IT IS inappropriate to consider the question of national reconciliation in Iraq without first recognizing the unique nature of the challenge. The best path to redemption in Iraq remains dialogue between those in power, those in opposition, the forces of the occupation, international donors and the many different antagonists.

The problems that have faced Iraqis since 2003, between supporters and adversaries of a political process under occupation, have merged with other challenges, splintering Iraqi actors and causing an unprecedented fragmentation of Iraqi society. What is needed therefore is not one sole initiative but rather a plethora of Iraqi reconciliations.

These reconciliations require the acceptance of an inclusive political process that guarantees the participation of all Iraqis and builds a nation based on the principle of equal citizenship and a guarantee of a diverse and just society for all.

The fragmentation of the Iraqi political scene has evolved in a climate of complete mistrust and the near-absolute absence of serious dialogue between the different actors.

Further, the regional and international environment is not making the resolution of Iraq’s problems any easier:

- The new American administration, while not acknowledging the complete failure of its predecessor in Iraq, is beginning a new, more timid approach that has not
yet dared to suggest an alternative strategy for all Iraqis.

- Iran, which has assured itself of a relatively free hand on the Iraqi chessboard, cannot rest on its laurels; its regional situation remains critical.

- The alarming results of the Israeli election and internal Palestinian problems perpetuate tensions throughout the region, making any resolution of the Israeli-
Palestinian conflict unlikely.

Reconciliation in Iraq must be a voluntary act and cannot be imposed by any party. It will not be realized without a decisive and courageous commitment from all parties to move past hatred and renounce violence in order to recognize each other.

All reconciliation conferences that have been organized to date have been little more than red herrings. Some, such as the one that took place in Helsinki, have final documents signed only by Iraqi Members of Parliament: was it really necessary to travel all the way to Helsinki for such a document when the signatories see each other every day in the legislative assembly in Baghdad? Most of these documents continue to state “the impossibility of reconciling with those whose hands are stained with the blood of innocents” but we must ask ourselves: during the last 50 years in Iraq, whose hands are truly clean?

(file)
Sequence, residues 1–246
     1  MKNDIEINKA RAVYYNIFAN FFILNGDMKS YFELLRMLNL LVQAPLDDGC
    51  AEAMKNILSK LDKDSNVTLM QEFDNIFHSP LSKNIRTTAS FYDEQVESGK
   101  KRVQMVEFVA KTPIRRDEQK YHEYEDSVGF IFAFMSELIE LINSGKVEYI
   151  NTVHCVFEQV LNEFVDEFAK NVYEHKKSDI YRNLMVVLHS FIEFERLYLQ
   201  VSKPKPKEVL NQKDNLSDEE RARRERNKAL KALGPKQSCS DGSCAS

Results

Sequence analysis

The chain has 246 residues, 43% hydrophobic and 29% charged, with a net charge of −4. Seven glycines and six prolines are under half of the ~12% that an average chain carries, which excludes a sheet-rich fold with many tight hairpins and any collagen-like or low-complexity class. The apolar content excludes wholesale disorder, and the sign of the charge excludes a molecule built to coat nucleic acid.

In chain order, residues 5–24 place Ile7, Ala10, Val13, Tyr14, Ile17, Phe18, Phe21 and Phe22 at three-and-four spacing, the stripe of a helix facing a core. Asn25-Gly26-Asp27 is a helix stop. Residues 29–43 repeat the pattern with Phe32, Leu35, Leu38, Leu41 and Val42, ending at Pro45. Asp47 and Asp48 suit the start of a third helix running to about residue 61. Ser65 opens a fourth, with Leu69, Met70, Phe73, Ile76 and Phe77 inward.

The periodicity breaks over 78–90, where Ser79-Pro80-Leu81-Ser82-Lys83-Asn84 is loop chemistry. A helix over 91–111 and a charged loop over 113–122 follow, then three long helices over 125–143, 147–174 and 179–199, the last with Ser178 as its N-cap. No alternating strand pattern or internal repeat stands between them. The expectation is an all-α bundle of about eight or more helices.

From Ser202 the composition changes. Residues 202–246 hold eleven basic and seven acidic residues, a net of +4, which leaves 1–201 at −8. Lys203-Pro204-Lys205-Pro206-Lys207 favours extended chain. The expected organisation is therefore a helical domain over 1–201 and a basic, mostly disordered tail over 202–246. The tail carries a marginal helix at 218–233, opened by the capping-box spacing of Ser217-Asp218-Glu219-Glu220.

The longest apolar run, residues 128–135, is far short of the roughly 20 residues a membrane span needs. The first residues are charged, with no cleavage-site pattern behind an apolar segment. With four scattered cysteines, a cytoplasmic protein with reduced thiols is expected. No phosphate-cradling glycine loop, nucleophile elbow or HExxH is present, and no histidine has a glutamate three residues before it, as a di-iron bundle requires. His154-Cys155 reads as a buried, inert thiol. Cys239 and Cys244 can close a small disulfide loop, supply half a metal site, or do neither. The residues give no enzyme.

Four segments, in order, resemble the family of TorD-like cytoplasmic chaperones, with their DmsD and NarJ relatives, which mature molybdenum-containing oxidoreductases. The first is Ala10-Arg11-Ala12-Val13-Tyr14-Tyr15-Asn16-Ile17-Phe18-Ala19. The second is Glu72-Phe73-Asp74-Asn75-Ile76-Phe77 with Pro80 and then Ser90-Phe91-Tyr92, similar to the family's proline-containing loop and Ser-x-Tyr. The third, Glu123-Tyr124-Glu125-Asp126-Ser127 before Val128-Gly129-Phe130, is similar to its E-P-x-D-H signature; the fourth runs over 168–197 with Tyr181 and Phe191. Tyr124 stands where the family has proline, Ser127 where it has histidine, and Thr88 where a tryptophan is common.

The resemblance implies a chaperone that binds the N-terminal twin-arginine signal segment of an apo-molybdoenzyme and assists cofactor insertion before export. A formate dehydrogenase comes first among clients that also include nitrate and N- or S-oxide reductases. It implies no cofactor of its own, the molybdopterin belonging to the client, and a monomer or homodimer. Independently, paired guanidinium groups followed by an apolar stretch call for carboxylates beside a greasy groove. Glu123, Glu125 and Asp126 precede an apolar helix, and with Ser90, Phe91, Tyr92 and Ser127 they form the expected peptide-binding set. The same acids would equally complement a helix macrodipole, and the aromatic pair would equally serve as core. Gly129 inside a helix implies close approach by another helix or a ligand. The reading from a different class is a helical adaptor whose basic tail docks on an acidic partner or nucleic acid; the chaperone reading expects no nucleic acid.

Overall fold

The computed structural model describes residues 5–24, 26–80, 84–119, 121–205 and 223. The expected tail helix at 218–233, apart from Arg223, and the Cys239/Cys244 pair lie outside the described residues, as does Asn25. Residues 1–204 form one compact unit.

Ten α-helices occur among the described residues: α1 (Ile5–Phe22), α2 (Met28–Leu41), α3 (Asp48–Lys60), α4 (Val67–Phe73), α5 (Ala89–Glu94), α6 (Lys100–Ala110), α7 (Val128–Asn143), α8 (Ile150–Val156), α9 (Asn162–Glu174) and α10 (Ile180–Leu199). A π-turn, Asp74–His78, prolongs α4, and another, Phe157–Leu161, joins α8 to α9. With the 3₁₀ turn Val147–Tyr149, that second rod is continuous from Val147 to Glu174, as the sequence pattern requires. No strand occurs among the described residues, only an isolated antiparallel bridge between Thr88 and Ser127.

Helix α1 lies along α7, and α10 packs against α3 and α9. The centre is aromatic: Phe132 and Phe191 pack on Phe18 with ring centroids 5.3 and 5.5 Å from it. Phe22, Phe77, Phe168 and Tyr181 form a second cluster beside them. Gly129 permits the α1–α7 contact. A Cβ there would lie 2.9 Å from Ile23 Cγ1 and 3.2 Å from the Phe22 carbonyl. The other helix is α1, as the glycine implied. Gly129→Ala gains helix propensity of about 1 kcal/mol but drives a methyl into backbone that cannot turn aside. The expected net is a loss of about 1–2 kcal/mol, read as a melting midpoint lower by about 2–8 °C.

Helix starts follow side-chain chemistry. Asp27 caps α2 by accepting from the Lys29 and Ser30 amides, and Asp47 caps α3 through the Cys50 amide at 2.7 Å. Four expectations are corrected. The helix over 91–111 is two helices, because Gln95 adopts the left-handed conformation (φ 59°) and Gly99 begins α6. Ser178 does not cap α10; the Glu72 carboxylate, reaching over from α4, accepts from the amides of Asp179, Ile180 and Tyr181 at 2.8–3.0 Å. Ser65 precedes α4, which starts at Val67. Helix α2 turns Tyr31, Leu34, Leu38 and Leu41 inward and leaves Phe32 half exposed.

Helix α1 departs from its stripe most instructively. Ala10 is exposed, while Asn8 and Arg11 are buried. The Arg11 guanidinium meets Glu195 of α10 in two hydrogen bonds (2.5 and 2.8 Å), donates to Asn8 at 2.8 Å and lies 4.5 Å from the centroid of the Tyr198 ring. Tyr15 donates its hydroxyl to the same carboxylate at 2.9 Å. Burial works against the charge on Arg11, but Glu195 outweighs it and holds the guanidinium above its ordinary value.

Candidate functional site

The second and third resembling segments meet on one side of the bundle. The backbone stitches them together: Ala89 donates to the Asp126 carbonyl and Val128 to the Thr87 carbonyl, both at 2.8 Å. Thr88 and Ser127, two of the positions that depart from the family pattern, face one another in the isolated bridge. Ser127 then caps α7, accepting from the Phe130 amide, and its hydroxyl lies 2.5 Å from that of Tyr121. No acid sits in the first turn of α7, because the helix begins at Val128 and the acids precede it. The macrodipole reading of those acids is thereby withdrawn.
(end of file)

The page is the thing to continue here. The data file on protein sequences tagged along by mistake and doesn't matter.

Political and institutional normalization must first advocate for a real “disarmament of the hearts” that will help Iraqis – all Iraqis – to understand that the stability and sustainability of their country must be achieved by their agreement.

This type of agreement, in view of the complicated regional environment, is the only true guarantee of internal Iraqi stability.

Successful reconstruction will not be realized through “victor’s justice” or a political system built on ethnic or religious exclusion; it will only be accomplished as a result of a political process takes these three factors into account:

- The effective protection of the civil liberties and political life of all Iraqis and the preservation of social cohesion while safeguarding fundamental rights and
liberties.

- All Iraqi people have suffered both before and after 2003, hence the absolute need for a democratization that brings the population into the decision-making process and fosters a respect for pluralism and difference.

- It must be assured that abuse, mass graves, massacres and genocide are never allowed to take place again.

Finally, no political effort should try to have the people of Iraq and its beautiful mosaic think that these reconciliations are about embellishing, or even worse forgetting, the past or present; rather it is to ensure that these wounds do not remain open and themselves become sources of resentment and waste of the future.

Ambassador Mokhtar Lamani is a senior visiting fellow at The Centre for International Governance Innovation – Canada. He is a Former Ambassador and Special Envoy of the Arab League to Iraq. Email : [email protected]

The opinions expressed in this article/multimedia are those of the author(s) and do not necessarily reflect the views of CIGI or its Board of Directors.